The state seal of Mississippi has included the phrase “In God We Trust” since 2014, when it was bundled within the passage of a religious freedom bill.
“In God We Trust” has also been quietly added to a popular contender for the flag’s new design known as the “Hospitality flag” — a large star surrounded by 19 smaller stars to represent Mississippi’s history as the 20th state to join the union.
Black politicians, such as Mayor George Flaggs of Vicksburg, Mississippi, have also backed versions of the flag featuring the phrase.
“I join former Mississippi Governor Phil Bryant, United States Senator Roger Wicker and a host of others who have endorsed the red, white and blue ‘In God We Trust’ flag for the State of Mississippi,” Flaggs said in a statement, according to Mississippi NBC affiliate WLBT. “I believe this flag option will bring our state together like never before and continue the forward momentum we’ve seen in recent days.”
However, the suggestion that the new flag say “In God We Trust” worried some advocates and watchdog groups outside of Mississippi, who see the phrase often invoked by conservative activists and lawmakers aligned with Christian nationalism.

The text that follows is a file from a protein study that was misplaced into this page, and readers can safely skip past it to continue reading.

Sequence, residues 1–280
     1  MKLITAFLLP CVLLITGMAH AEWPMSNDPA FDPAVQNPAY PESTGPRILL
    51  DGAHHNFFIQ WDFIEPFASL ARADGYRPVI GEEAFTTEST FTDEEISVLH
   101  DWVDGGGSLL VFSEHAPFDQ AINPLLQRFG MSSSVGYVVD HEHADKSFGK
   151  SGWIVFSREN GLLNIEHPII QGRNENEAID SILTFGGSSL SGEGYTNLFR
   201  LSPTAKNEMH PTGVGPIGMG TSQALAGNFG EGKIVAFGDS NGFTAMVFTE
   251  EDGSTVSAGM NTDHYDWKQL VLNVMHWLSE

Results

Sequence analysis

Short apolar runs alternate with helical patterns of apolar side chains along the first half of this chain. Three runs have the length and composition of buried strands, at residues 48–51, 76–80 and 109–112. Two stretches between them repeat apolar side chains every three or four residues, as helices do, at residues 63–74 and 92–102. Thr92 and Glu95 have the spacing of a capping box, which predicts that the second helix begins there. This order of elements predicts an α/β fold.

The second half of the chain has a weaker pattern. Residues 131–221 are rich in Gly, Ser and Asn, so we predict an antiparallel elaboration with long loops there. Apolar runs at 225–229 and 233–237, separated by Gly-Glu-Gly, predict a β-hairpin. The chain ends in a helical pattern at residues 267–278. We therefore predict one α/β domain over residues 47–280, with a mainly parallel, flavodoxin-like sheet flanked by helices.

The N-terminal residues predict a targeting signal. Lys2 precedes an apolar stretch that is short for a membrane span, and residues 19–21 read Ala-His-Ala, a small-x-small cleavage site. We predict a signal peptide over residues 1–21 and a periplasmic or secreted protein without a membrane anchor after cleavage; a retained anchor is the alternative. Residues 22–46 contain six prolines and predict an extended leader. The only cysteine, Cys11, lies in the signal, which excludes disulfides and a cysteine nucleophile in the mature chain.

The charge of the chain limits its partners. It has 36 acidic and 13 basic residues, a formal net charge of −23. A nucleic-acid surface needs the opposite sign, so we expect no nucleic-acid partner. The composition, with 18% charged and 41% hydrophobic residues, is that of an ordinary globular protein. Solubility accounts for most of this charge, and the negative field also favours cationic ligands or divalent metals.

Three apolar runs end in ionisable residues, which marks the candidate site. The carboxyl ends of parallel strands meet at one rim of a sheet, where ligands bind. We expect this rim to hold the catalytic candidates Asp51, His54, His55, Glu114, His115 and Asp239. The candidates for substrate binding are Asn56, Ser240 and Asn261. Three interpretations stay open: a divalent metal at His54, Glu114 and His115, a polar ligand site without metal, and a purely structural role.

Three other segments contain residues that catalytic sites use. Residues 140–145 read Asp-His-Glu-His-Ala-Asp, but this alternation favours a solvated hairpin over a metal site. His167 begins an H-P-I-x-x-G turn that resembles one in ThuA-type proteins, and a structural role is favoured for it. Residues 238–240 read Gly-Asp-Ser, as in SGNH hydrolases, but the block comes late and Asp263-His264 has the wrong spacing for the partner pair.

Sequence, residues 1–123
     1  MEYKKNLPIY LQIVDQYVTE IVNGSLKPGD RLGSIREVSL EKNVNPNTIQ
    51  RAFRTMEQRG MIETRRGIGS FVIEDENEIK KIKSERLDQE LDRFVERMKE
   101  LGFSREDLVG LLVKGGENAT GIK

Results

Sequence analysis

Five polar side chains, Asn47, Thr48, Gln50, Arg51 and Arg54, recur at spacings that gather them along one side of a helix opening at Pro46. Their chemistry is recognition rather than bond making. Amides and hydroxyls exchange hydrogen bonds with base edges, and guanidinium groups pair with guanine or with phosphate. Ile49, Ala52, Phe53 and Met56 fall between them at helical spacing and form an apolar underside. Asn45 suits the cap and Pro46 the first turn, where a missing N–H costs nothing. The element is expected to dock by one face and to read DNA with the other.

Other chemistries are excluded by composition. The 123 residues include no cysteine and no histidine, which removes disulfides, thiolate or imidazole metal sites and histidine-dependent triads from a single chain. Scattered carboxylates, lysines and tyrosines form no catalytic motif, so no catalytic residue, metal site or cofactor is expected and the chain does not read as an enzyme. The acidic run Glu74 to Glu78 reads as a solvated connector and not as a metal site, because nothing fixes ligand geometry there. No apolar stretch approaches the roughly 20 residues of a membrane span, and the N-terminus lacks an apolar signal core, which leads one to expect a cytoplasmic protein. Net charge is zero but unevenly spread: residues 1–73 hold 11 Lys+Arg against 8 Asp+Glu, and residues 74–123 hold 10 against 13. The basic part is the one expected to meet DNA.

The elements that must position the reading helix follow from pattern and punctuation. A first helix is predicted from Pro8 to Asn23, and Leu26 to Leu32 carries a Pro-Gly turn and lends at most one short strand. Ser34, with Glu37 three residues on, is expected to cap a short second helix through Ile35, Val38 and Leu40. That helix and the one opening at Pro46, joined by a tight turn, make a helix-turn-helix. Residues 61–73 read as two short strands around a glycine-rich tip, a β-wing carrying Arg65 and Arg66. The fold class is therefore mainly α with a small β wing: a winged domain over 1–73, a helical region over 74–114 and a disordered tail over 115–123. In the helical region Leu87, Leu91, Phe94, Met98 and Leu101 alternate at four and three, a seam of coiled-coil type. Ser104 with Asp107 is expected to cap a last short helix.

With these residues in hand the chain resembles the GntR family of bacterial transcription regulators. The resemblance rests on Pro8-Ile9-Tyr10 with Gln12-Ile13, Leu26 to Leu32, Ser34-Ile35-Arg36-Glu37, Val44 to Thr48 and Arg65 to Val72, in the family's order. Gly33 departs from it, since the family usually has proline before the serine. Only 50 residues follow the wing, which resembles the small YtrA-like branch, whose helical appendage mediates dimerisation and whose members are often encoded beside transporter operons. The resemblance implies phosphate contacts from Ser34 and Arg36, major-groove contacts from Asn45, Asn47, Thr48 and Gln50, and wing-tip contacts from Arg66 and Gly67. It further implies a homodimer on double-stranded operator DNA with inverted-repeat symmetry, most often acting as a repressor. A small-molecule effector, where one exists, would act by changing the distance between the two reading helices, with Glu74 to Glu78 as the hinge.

Americans United for the Separation of Church and State decried the inclusion of the phrase on Thursday, characterizing it as trading “a white nationalist symbol for a Christian nationalist one.”
“Mississippians practice a variety of religions and faiths, and one in four identify as nonreligious,” Sam Sokol, a policy advocate at Americans United, wrote in a blog post. “Our state flags are powerful symbols, so they should represent our shared values and the diversity of our communities.”
Sokol also noted that pushing for “In God We Trust” displays on license plates and in public schools is a core goal of Project Blitz, a legislative agenda developed by a collection of Christian groups that are sometimes described as Christian nationalist.